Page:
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I have visited Lark in the Morning today and yesturday.

Tried two ECs. Out of 4 they had on shelves, (all high end Lachenals) squeazeable were only 2, one with wooden and one with metal ends.

Both have very good warm sound, wooden ended one is a bit rounder and warmer, metal ended one is a bit louder and clearer, esp. on the higher end. Both look fantastic, have metal buttons and very round, moody tone.

Metal ended is at $2100 and wooden ended at $1700.

Both had shut bellows, one or two notes not sounding in one or other direction. The Metal ended is in better condition, but when the bellows are extended - the crack opens and it gulps the air.

Wooden ended is leaking all the way and the bellows corners are very thick, priobably repaired many times with layers of leather. Action is good.

Both are in tune, both are 5 folds.

Are the prices realistic?

There are two more, metal and wooden Lachenals. Looking good, with gold emboss on leather, but leaking like... like the leak itself and wheezing. The prices are still up there , just below the first layer of clouds.

EC is a very interesting design.

But English Conceritna IS heavy! One sure can use it's pinky rests.

Edited by m3838
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To me that sounds like a realistic price for refurbished instruments in playable condition. Chris Algar recently sold a Lachenal Edeophone EC on ebay for about £1500, which is a little over $2100 and is probably slightly higher spec than the models you are describing. However, I suppose you need to factor in supply and demand in your particular neck of the woods.

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To add a bit of perspective: Twenty-six years ago, I spent $900 US for a 26 button Lachenal with bone buttons & metal ends from Lark in the Morning. The pads were so bad it wasn't playable. It was on approval and I repaired the pad problem before confirming the sale. It didn't really cost me much to repair the leaking pads compared to a new bellows, but it was still a lot of money in those days. The big difference is that, in those days, concertinas were so rare, I didn't have any choice. Today, there are more dealers, and the internet has made it possible to deal with people anywhere in the world. There are more choices. However, nothing is quite so tempting as to have one in your hands. A new bellows, however will cost a lot and your (potential) new acqisition will disappear from your hands for a while until the new bellows can be fitted to the instrument. So the "must-have-it-now" reason is somewhat dinished.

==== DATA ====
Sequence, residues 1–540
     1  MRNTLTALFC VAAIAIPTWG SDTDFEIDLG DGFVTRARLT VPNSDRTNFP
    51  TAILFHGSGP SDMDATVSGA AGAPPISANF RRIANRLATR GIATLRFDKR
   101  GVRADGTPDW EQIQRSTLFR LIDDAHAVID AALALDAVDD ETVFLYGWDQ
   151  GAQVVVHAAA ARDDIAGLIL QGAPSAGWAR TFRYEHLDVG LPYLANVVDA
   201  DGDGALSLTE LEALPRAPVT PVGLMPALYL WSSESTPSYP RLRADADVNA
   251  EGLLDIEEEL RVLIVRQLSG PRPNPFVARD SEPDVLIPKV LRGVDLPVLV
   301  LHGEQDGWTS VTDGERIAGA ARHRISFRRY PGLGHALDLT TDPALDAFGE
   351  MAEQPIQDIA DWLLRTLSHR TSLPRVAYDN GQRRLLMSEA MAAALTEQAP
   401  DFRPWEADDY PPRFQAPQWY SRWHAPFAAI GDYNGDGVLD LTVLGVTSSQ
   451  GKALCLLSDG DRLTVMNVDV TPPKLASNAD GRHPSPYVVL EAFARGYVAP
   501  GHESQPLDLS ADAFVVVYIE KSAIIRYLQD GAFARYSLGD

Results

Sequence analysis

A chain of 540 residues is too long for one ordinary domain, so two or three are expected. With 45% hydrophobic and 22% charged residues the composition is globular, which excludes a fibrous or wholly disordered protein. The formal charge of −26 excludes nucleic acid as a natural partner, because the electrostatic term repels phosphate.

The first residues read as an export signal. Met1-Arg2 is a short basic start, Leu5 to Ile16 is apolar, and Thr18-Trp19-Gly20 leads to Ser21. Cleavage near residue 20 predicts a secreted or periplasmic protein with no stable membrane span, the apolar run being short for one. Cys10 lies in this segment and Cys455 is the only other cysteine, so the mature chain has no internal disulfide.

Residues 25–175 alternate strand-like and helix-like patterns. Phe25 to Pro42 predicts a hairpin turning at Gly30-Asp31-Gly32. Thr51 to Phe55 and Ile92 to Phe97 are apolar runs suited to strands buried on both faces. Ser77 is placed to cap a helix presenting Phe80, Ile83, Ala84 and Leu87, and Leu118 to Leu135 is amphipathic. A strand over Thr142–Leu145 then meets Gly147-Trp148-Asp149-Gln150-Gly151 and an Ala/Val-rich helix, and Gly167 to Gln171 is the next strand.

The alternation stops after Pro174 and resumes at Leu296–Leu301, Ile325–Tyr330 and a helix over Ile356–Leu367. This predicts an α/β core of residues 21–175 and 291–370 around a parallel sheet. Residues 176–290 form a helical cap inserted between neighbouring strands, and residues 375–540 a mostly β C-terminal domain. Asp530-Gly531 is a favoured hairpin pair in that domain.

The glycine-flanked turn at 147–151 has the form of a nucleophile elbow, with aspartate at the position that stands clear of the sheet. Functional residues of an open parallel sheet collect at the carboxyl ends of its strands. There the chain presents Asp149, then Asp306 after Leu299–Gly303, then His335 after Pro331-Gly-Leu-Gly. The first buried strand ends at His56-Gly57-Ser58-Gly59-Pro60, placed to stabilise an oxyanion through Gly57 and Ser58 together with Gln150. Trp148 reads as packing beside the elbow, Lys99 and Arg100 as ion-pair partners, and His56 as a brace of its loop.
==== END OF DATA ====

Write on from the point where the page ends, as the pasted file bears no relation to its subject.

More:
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Picking up on Chris Algar's sale of a edeophone for £1.5k,

 

Ask why only £1.5k?. I suspect that there was a reason that Chris took the lower-margin ebay route, perhaps the state of the instrument post re-furb????

 

Back to buying blind again

 

Dave

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To me that sounds like a realistic price for refurbished instruments in playable condition.
To me that sounds like very high prices for unrestored instruments in poor condition.

Which is what Michael seemed to be describing.

 

I've only once been in a LotM shop, the one in Seattle. They had a couple of vintage Englishes and a couple of vintage anglos. Conditions ranged from "needs work" to "completely unplayable", and none of them showed any sign of recent refurbishing. IMO, the prices seemed appropriate to expertly restored instruments. Whether this is typical -- either there or in their other shops, -- I can't say.

 

I find it interesting that their web site lists the Dipper County Clare model. They say it's a "special order" item, but can they actually supply a new County Clare in less than several years' time, or even within any sort of guaranteed time frame?

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Picking up on Chris Algar's sale of a edeophone for £1.5k,

 

Ask why only £1.5k?. I suspect that there was a reason that Chris took the lower-margin ebay route, perhaps the state of the instrument post re-furb????

In the description on ebay Chris already gave his answer:

"I am only putting this on eBay because I have recently bought another two or three of them and have too many in stock."

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Picking up on Chris Algar's sale of a edeophone for £1.5k,

 

Ask why only £1.5k?. I suspect that there was a reason that Chris took the lower-margin ebay route, perhaps the state of the instrument post re-furb????

In the description on ebay Chris already gave his answer:

"I am only putting this on eBay because I have recently bought another two or three of them and have too many in stock."

 

"and so I'm putting the best one on ebay at a low reserve" ;)

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To me that sounds like a realistic price for refurbished instruments in playable condition. Chris Algar recently sold a Lachenal Edeophone EC on ebay for about £1500, which is a little over $2100 and is probably slightly higher spec than the models you are describing. However, I suppose you need to factor in supply and demand in your particular neck of the woods.